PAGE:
The function {circumflex over (t)}_{error }depends on both how traveltime errors are measured and also on what statistical measure is applied to these traveltime error measurements. However, it may be expected that this proposed multi-scale inversion strategy will not be strongly sensitive to {circumflex over (t)}_{error}. In fact, rather than put significant effort into measuring {circumflex over (t)}_{error }from the data an alternative strategy would be to assume a simple functional form for {circumflex over (t)}_{error}, such as the linear function {circumflex over (t)}_{error}=β(M_{0})t where M_{0 }is the initial model. This assumed functional form would then be used to design a time-varying high-cut filter satisfying Equation 5, and inversion using this filter would be attempted. If the inversion does not converge then the value of β would be increased and inversion with this more conservative estimate of {circumflex over (t)}_{error }would be attempted. This testing would continue until a β is found that yields convergence for the initial model.
After finding a β that converges for the initial model, M_{0}, then iteration will produce a current inverted model which is more accurate than the initial model. This increased accuracy implies that β should be reduced as iteration proceeds. This decrease in β implies a corresponding time-varying filter that passes higher frequencies. The inversion proceeds with time-varying filters that pass more and more high frequencies, until all frequencies in the data are used in the final iterations of inversion.
To make practical use of time-varying filters in inversion, it is necessary to be able to compute the adjoint gradient (Algorithm 2) in a manner consistent with the time varying filter. The mathematically most straight forward way of doing this is to implement the time varying filter using the inverse covariance matrix C^{−1 }in Equation 1. To do this, the inverse covariance matrix C^{−1 }would be chosen to be non-diagonal (in the time dimension), with elements equal to a temporal representation of the time varying filter coefficients. Since the filter would be time varying, the filter coefficients vary with time. Example 1 shows an example sub-matrix of C^{−1}, corresponding to a particular source and receiver, that implements a time-varying filter. The first row of this sub-matrix is zero, excepting a one on the diagonal.
This implies that this particular time varying filter performs no filtering at time zero. The off-diagonal elements increase for increasing rows in the sub-matrix, implying that the high cut frequency of this time varying filter decreases with increasing time. Notice that the traveltime error could be viewed as functions of the source or receiver. In this case, this method could be applied in a more general manner than just a simple time varying filter. For example:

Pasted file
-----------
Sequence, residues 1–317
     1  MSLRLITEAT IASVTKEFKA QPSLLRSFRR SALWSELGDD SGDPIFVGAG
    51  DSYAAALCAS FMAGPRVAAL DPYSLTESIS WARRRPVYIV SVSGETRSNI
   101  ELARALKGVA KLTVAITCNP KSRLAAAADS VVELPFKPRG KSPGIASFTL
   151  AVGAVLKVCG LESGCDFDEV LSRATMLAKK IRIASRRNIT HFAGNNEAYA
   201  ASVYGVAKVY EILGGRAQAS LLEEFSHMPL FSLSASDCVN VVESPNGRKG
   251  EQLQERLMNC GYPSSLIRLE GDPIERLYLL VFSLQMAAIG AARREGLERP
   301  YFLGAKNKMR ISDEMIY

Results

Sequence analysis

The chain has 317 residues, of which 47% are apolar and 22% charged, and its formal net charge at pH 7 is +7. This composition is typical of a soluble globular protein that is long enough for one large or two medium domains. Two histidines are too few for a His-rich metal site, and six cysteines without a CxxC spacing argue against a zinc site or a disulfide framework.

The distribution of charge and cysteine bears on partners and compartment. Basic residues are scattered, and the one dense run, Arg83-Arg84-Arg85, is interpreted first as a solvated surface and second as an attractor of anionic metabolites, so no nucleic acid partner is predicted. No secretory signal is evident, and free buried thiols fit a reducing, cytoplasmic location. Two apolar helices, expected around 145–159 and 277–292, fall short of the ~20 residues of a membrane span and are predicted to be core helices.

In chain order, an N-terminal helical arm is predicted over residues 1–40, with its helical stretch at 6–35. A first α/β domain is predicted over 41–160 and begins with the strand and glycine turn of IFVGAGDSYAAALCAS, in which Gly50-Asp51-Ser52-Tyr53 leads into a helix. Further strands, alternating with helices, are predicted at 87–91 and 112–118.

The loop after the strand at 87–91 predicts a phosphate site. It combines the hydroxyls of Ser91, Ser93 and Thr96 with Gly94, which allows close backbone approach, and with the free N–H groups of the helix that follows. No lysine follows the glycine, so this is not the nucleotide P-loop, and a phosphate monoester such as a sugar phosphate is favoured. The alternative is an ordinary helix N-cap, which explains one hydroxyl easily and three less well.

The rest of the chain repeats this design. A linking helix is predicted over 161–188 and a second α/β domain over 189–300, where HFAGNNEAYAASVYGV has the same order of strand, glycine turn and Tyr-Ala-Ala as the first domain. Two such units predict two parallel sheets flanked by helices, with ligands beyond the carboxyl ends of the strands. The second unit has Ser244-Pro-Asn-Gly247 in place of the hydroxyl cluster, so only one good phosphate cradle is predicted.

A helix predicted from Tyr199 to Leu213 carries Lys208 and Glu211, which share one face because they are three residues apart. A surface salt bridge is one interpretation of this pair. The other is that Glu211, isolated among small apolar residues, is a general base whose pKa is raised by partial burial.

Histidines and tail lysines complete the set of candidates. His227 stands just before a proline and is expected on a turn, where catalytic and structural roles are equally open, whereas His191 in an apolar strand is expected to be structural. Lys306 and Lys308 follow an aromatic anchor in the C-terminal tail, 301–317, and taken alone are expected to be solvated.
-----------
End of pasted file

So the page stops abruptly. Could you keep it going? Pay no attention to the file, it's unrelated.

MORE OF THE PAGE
In any case the filter (e.g. a space- and time-varying filter, a time-varying dip-filter etc.), can be implemented in the covariance matrix C^{−1 }as explained above, and the computation of the gradient then also proceeds as described above.
A preferred approach might be that if {circumflex over (t)}_{error }(M,t) can be estimated for the current model M, then the time varying filter should be designed to be consistent with Equation 5. Otherwise, it is reasonable to estimate that {circumflex over (t)}_{error }(M,t) is a linear function βt, using an initial guess for the value of β. Again the time varying filter should be designed to be consistent with both this estimate of β and Equation 5. If this inversion converges then the process is completed. If the inversion does not converge, then β would be increased and another inversion would be attempted. This process of increasing β would continue until convergence is achieved.
In practice the matrix C^{−1 }representing the time varying filter would be very sparse, and therefore its application to the data residual in step 3 of algorithm 2 would best be accomplished by application of a time varying filter operator rather than by matrix multiplication. In fact this method of inversion is probably not strongly sensitive to the method used to implement the time varying filter. Therefore, time varying filter could be most efficiently implemented as a windowed time invariant filter. In other words, the data would be separated into time windows, and then different time invariant filters would be applied to the different windows.
The foregoing description is directed to particular embodiments of the present invention for the purpose of illustrating it. It will be apparent, however, to one skilled in the art, that many modifications and variations to the embodiments described herein are possible. For example, the inventive method is not limited to seismic data, and can be applied to any data where multiscale inversion is used to avoid local minima All such modifications and variations are intended to be within the scope of the present invention, as defined by the appended claims.
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U.S. Classification | 367/43, 708/320 |
International Classification | G06F17/20, G01V1/00 |
Cooperative Classification | G01V1/282 |
European Classification | G01V1/28B |